Back in 2010, a week or so before Halloween, Double Fine Productions released Costume Quest. Somewhere between then and a month or two ago, I bought it on XBLA, and I finally got around to actually playing it about a week ago. It’s a cute, fun little game, and I enjoyed it.
It’s basically a light RPG-type game, where you run around neighborhoods trick-or-treating houses, collecting candy, costumes, and battle stamps (which improve your abilities in combat). Encounters with monsters are the meat of the game, and trigger a sequence where the cute cartoon children and silly monsters morph into giants who do battle over the town in a turn-based RPG style. It kind of reminds me of that episode of South Park where the kids morph into anime characters and battle each other.
The cartoon graphics are crisp and colorful, and the sound design is simple, but does all the appropriate things. Controls are easy. Overall, it’s a shorter, but quality title– the quality of which I’ve come to expect from Double Fine.
If you haven’t played Costume Quest yet, I’d recommend it. Maybe save it as a little Halloween treat for later this year.
Like many people out there, I’ve been playing Diablo 3 over the last week or so. And while I did participate in the beta, I mostly did that just to see how the game would run on my machine; I didn’t really dig into the game until now. Here are a few things I’ve been thinking lately as I’ve played:
- The mouse clicking is intense, and while the case could be made that it’s a pure control concept or that it’s a nice throwback, sometimes it can feel a little stale. I just hope I don’t end up accidentally breaking my mouse.
- I’m really happy Blizzard decided to get rid of town portal scrolls. Using up inventory slots for something you almost always had to have was stupid.
- The cinematic scenes are epic. I’m honestly kind of surprised Blizzard hasn’t begun developing its own in-house game-to-movie crossovers. They obviously have the talent.
- The graphics are good, even at the lowest settings. It also runs on my years-old laptop, which is pretty neat. I’m afraid of overheating it though, so I don’t play on that machine much.
- It’s hard to really nail down why, but the game feels (or rather, maybe it just looks) a bit like World of Warcraft. It just seems oddly familiar, which isn’t really a bad thing I suppose.
- The required internet connection is a little weird, especially at first. Playing a single player game with a latency indicator on the HUD is strange. I understand why they did all this, but for people with spotty internet connections / networking hardware, it’s kind of a drag.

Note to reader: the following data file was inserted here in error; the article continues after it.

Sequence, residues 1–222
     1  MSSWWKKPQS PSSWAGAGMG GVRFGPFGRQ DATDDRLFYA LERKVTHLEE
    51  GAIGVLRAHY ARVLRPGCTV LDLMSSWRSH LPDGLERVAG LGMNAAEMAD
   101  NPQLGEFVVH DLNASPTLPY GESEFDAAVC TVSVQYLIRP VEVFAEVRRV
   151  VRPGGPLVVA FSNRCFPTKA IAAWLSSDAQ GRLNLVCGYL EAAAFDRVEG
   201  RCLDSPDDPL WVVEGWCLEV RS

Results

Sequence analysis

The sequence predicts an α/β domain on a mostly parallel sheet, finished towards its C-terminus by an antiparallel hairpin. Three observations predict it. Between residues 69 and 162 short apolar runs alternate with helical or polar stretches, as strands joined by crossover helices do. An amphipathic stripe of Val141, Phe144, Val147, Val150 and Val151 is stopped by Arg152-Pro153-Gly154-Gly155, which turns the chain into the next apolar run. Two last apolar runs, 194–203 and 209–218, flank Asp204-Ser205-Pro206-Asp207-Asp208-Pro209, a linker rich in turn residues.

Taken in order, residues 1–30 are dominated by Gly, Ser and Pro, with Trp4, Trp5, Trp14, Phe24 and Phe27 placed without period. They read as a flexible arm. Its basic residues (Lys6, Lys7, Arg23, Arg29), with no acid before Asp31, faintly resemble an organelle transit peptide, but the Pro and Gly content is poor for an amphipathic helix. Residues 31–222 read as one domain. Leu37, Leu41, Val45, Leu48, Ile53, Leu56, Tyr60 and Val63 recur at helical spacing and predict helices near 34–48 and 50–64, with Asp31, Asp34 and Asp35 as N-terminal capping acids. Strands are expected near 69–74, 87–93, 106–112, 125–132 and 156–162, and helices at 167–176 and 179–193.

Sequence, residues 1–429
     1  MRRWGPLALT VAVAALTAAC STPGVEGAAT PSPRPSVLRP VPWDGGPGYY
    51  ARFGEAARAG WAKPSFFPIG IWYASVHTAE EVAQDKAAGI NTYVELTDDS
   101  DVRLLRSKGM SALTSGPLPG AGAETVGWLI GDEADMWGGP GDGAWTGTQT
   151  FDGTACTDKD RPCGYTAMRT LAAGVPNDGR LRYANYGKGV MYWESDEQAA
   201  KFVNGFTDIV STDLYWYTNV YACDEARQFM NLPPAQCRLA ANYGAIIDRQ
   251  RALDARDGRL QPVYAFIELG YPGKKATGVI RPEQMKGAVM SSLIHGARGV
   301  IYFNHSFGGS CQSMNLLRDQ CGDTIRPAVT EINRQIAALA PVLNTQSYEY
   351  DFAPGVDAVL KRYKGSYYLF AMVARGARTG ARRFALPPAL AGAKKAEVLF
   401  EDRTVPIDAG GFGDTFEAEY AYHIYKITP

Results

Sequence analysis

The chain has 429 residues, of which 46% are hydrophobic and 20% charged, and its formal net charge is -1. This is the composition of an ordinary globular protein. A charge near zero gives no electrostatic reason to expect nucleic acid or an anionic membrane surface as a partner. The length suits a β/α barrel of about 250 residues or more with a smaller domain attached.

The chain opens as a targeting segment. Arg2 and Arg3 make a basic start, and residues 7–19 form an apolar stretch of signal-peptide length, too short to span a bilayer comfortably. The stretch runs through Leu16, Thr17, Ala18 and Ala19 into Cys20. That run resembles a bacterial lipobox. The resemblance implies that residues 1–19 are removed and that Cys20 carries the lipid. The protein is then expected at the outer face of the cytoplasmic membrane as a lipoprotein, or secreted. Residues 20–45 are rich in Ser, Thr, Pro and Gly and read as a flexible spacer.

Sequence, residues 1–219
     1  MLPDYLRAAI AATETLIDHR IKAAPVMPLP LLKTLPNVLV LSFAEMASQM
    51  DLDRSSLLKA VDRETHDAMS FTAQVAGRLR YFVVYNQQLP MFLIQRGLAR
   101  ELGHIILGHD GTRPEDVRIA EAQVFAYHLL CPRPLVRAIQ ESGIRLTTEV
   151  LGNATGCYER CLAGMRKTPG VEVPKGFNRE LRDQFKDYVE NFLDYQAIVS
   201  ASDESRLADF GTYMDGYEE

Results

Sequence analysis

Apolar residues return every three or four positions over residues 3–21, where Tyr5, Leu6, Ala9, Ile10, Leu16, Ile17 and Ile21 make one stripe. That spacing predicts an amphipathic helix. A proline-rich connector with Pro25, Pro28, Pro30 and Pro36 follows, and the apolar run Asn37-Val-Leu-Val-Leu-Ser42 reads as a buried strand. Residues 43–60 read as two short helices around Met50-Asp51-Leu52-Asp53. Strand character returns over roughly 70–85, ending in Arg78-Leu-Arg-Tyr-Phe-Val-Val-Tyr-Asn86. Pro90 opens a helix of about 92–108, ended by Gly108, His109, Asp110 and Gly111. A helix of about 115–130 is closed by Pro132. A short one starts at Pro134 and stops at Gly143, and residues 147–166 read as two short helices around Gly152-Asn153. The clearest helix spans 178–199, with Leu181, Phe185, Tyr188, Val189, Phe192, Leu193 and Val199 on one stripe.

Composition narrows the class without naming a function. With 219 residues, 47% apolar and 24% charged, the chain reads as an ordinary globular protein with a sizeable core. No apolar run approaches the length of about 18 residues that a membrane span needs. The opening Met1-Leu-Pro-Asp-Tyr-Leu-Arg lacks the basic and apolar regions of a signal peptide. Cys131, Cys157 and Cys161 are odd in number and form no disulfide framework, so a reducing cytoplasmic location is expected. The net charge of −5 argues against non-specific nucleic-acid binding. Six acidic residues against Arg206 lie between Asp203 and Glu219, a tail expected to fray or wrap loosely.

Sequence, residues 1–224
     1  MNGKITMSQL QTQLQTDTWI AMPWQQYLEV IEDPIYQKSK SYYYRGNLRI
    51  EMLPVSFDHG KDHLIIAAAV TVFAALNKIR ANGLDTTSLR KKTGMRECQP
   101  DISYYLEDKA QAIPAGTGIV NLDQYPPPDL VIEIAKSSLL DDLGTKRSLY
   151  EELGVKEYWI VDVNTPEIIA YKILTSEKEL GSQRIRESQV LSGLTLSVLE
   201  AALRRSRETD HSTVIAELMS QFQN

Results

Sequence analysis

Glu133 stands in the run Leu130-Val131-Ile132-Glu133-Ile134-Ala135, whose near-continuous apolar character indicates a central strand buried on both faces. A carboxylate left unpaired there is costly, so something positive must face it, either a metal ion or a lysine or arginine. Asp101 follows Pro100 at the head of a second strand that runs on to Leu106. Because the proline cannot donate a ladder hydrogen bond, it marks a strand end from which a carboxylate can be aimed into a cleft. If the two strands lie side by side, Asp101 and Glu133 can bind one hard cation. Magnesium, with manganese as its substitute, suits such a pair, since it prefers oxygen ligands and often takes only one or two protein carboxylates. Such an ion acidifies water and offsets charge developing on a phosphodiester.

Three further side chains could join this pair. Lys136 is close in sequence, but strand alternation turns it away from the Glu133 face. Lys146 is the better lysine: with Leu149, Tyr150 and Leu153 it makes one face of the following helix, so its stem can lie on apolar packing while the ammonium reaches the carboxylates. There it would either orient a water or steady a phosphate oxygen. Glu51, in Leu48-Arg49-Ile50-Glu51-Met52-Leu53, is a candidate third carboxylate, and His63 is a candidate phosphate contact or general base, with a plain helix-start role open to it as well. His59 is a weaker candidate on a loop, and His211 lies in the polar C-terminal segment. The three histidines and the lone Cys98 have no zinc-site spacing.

- It’s a bummer that Blizzard couldn’t get the launch right. After spending a few days just looking at my shiny new pre-loaded game, I finally installed and then spent the first hour of launch trying to log in, but the game’s servers were borked– no doubt totally crushed by thousands of people trying to log in at once. It’s disappointing to me that Blizzard, proprietor or the world’s most successful MMORPG, can’t nail a launch that involves heavy server load yet.
- Co-op play is seamless and easy to do, thanks to Battle.net.
Despite a few drawbacks, I’m enjoying my time with the game. This is definitely a more accessible Diablo, at least so far, and with achievements, weapon crafting, lots of rare items, and all sorts of stat combinations, there’s no shortage of rewards for putting in time with the game.
It’ll be interesting to see if that dynamic changes when Blizzard unleashes the cash-powered item auction house in a few days; there’s already one in operation that uses the in-game “gold” currency. Since the core of the game is still a single player experience though, the player remains well insulated from all the madness that comes with the auction house. And that’s probably a good thing, lest Diablo 3 start feeling a little bit too much like World of Warcraft.
When EA acquired BioWare in 2007, on the eve of its successful franchise launch with the original Mass Effect, I tried my hardest to reserve my criticisms until after they shipped a few more products, and we would start to see just how extensive the inevitable changes to the company would be. With BioWare’s history of crafting superb games, it seemed like I owed it to them to at least wait for the dust to settle before making any judgments.
So the other day I was playing Team Fortress 2, and someone accused me of being a “free-to-play noob”. I was chided as being one of the newbie players who only recently got into the game because it became free-to-play, despite my owning and playing the game since 2007.
But let me back up a little bit. I was playing Team Fortress 2 the other day, and having a less than stellar round. Some people on my team, who had been playing on the server before I got there, were using their microphones to play the game. These players were being too vocal, to the point that I couldn’t concentrate on the game because of all the “mic spam”. Being annoyed at my repeated effort and lack of results, coupled with the inane chirps and squeals of the mic spam, I did what any right-minded online gamer would do: I told them to “shut the fuck up”.
So Valve finally got around to releasing one of the two final Meet the Team videos – the newest being for the Medic, and arguably the most epic video they’ve created so far. Watch below!
Oh, and if you didn’t bother to watch all the way through, they’ve also just announced that Team Fortress 2 is now free to play for all! A generous move, surely, though I’m not sure if there are many people left out there who are interested in the game and haven’t gotten it yet. Still, this is great news for the continuing popularity of the game.
And if it’s proof of anything, it’s proof that sales of virtual goods must be a profitable business for Valve. This wouldn’t shock me at all.
Anyway, it’s a great game by a great team. Get it for yourself if you haven’t already!